Stephen Copley Research Report: Charlotte Vallis on Women in Power and Kings’ Letter Books

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With the help of the Stephen Copley Award, I was able to spend several days in London, at the National Archives in Kew. This had a positive impact on my research in multiple different ways, some more obvious than others! My PhD, which I am undertaking part-time, focuses on Russia in the eighteenth century, analysing the reigns of Empress Elizabeth Petrovna, 1741-1761 and Empress Catherine II, 1762-1796. I am exploring what it meant for the two to be women in power: how they both incorporated masculinities into their rules; what Catherine owed to Elizabeth’s example and how the two were viewed both within and outside of Russia. Unsurprisingly, it is a real challenge to access relevant sources for this topic at the moment, thus the trip to the National Archives was especially helpful.

Previously, I have spent very little time in archives, so from a practical sense, I really learnt and experienced a lot simply by being able to go. From little things like reading room opening times, to the practicalities of ordering documents, I really felt that I benefited from just the experience of being physically in an archive. I also learnt that whilst my suitcase seems like it fits into one of the storage lockers in the cloakroom, it actually doesn’t. But this was also a nice experience in the end, as the staff were so helpful and not at all cross at having to help me!

Whilst at the archives, I was able to access a range of relevant documentation (and some not as relevant, but still interesting). It was such an exciting experience to be able to tangibly engage with primary materials- whilst my period is from the mid-eighteenth century onwards, some of the document bundles included materials from much earlier and even just charting how the nature handwriting styles and writing materials changed was fascinating. I focused particularly on accessing diplomatic materials such as the reports sent to England from ambassadors in Russia, and the King’s Letter Books, looking at letters exchanged between George II and III and Elizabeth Petrovna and Catherine II. I intend to use this material in a variety of ways. At the moment, I am looking particularly at balls and masquerades held at the two women’s courts. Taking Elizabeth Petrovna as an example, she is typically dismissed as someone who was overly frivolous: she liked to dance and enjoy herself more than the work of state, and more interested in the opportunity to show off a range of sumptuous dresses than anything else. Furthermore, Elizabeth is often criticised for enforcing “metamorphosis balls” on her court: balls where men were expected to dress and women and vice versa. My intent is to show the political purpose behind Elizabeth’s (and Catherine’s) grand balls. I was able to find several accounts that referred to significant political conversations taking place at the balls, which acts as very helpful evidence for my research.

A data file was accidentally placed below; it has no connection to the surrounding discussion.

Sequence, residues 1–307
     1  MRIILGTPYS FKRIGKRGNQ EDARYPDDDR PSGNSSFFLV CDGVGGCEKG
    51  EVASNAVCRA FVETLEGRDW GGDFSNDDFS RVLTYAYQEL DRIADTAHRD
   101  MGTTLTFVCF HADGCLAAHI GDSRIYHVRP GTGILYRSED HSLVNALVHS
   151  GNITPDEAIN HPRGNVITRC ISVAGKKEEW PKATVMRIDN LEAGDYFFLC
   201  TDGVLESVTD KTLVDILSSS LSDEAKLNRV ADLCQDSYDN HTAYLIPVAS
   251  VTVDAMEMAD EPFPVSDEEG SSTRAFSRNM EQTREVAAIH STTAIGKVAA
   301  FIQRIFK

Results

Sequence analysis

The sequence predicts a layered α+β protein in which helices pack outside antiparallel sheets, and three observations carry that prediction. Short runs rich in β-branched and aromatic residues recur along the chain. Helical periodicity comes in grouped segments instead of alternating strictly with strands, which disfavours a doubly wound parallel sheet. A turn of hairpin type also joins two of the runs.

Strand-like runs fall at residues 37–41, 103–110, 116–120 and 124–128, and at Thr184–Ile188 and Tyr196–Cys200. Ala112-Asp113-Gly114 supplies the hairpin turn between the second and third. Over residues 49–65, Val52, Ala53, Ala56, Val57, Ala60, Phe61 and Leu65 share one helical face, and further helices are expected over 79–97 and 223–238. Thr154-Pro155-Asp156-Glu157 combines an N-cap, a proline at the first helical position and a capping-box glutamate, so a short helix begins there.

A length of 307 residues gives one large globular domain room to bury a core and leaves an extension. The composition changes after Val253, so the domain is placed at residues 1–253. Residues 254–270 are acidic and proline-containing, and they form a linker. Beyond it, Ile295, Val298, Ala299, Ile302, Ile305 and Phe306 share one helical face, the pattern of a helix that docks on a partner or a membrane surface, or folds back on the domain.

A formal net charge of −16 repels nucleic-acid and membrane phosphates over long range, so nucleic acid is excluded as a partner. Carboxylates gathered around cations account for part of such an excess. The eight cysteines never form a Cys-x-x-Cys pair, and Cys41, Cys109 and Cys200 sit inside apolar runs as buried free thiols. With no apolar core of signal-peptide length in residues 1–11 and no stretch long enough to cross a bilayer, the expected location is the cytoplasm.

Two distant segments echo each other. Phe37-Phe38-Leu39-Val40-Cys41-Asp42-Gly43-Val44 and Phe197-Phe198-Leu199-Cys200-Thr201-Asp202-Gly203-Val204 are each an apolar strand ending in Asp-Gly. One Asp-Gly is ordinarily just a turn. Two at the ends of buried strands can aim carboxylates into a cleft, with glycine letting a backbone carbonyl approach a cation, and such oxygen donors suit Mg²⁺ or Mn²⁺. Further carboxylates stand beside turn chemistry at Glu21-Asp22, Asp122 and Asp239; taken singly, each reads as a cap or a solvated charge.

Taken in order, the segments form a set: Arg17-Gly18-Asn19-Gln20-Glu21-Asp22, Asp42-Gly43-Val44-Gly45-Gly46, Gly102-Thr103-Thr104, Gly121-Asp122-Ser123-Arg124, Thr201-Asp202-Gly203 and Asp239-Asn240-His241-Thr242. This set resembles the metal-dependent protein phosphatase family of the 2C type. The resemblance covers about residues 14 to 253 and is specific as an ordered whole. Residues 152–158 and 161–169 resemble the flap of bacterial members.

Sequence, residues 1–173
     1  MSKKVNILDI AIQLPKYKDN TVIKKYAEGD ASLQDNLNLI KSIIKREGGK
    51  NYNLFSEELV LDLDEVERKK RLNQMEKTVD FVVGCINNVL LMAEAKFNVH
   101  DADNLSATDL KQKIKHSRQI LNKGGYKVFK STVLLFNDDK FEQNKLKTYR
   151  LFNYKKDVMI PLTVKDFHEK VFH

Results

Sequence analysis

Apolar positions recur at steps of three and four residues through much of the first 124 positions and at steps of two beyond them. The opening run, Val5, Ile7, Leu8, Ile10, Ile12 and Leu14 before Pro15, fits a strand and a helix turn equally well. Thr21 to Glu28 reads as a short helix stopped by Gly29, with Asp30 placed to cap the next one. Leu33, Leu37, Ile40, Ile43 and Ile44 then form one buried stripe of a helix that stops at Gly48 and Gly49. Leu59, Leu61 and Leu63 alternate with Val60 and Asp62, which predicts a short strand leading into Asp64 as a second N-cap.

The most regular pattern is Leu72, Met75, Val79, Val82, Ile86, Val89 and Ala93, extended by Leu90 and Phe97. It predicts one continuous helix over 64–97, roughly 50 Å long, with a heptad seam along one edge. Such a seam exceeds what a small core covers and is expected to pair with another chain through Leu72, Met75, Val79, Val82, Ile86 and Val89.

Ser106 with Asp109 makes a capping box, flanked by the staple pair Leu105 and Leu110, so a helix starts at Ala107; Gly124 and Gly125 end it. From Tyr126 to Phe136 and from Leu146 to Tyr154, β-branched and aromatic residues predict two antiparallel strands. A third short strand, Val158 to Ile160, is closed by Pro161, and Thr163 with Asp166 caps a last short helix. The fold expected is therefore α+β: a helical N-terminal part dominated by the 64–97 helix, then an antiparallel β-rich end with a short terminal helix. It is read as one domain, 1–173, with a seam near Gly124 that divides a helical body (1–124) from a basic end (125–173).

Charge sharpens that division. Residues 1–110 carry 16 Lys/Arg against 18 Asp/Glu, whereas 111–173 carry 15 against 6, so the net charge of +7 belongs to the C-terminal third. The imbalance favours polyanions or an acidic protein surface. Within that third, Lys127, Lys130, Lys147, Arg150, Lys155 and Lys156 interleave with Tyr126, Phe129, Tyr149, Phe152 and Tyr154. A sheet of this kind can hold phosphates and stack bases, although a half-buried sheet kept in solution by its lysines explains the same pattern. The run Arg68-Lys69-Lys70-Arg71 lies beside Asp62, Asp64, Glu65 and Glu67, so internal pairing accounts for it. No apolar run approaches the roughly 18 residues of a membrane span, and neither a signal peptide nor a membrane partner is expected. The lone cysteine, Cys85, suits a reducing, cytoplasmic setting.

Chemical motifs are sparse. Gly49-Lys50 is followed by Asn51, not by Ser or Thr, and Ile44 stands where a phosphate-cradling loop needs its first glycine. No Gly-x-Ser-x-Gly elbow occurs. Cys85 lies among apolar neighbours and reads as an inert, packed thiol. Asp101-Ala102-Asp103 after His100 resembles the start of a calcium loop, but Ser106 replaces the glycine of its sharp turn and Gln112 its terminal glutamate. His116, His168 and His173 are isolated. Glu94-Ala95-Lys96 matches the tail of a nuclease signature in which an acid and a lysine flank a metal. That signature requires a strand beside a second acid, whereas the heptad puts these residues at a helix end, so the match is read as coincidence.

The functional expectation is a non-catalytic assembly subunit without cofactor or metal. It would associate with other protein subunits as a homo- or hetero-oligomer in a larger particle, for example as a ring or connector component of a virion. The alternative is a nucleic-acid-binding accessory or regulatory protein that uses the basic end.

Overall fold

Examining the Kings’ Letter Books was also particularly interesting. One of the reasons that Elizabeth Petrovna is comparatively under-researched is due to the limited amount of written sources she left behind. The Kings’ Letter Books contain transcripts of letters that are noted to have been signed by Elizabeth herself, which is an unusual source to find. It was interesting to examine the structure of the letters and observe that, often, the space expended on writing out the titles of each monarch was significantly longer than the content of the actual letter itself! It also made me smile when a scribe had clearly tired of writing out the same titles over and over again, instead simply writing things like “as in Page 144”. It was really nice to see the little human touches in these official documents.

I was also able to spend some time examining letters from the Russian ambassadors at the British court, although this was not a primary focus of my research. These were much more informally organised, as they were packed in sheaths of paper as opposed to collected books. Examining these documents felt like a real exploratory process: things were not always in date order, and you might jump from the 1740s back to the beginning of the century without warning. I stumbled across some letters dated after the death of Elizabeth Petrovna. At first glance I half thought these letters had been photocopied, as they had black edging, and then realised they were likely black-edged for official mourning purposes. This was fascinating to me as this was something I was aware of but had never seen before. Whilst not directly relevant to what I was researching, it was really exciting to see and is just another great example of the wider benefits of my trip.

I think a key takeaway from my trip is how accessible the National Archives actually is. It was a really intimidating prospect going- I even emailed the archives ahead of time to try and work out how everything worked!- but actually it was all really straightforward. I learnt a great deal from this trip and feel it went very successfully. The benefit it has had to my studies is immense and I am so grateful for the opportunity I was given by the Stephen Copley award. My gratitude is huge, thank you so much!

Charlotte Vallis

Charlotte Vallis is a part-time PhD student at the University of York. She is studying eighteenth-century Russian history, comparing the reigns of Elizabeth Petrovna and Catherine II. This research examines how the two women navigated the challenges of being women in power, analysing the incorporation of masculine characteristics into their portrayals. Charlotte’s research explores gender history, as well as considering the methodologies of the field of queer history in her work.

You can follow Charlotte on Twitter/X here.